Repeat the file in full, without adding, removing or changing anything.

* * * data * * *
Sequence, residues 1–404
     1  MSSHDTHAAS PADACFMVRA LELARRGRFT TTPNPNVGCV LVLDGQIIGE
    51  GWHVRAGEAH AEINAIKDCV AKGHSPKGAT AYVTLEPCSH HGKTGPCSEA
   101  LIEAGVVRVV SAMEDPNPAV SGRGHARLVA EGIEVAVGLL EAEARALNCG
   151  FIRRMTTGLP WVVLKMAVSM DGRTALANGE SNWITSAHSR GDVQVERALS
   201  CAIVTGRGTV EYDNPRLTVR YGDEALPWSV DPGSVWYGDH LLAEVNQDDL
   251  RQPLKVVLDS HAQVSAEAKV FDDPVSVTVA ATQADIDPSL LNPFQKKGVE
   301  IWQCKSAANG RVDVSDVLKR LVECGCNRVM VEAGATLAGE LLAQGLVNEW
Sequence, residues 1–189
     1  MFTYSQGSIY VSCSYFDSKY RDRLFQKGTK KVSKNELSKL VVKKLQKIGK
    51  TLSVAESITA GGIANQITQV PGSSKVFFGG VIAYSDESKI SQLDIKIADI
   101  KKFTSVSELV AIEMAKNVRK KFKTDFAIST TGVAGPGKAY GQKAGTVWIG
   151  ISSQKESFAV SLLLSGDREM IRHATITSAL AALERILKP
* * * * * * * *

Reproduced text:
Sequence, residues 1–404
     1  MSSHDTHAAS PADACFMVRA LELARRGRFT TTPNPNVGCV LVLDGQIIGE
    51  GWHVRAGEAH AEINAIKDCV AKGHSPKGAT AYVTLEPCSH HGKTGPCSEA
   101  LIEAGVVRVV SAMEDPNPAV SGRGHARLVA EGIEVAVGLL EAEARALNCG
   151  FIRRMTTGLP WVVLKMAVSM DGRTALANGE SNWITSAHSR GDVQVERALS
   201  CAIVTGRGTV EYDNPRLTVR YGDEALPWSV DPGSVWYGDH LLAEVNQDDL
   251  RQPLKVVLDS HAQVSAEAKV FDDPVSVTVA ATQADIDPSL LNPFQKKGVE
   301  IWQCKSAANG RVDVSDVLKR LVECGCNRVM VEAGATLAGE LLAQGLVNEW
Sequence, residues 1–189
     1  MFTYSQGSIY VSCSYFDSKY RDRLFQKGTK KVSKNELSKL VVKKLQKIGK
    51  TLSVAESITA GGIANQITQV PGSSKVFFGG VIAYSDESKI SQLDIKIADI
   101  KKFTSVSELV AIEMAKNVRK KFKTDFAIST TGVAGPGKAY GQKAGTVWIG
   151  ISSQKESFAV SLLLSGDREM IRHATITSAL AALERILKP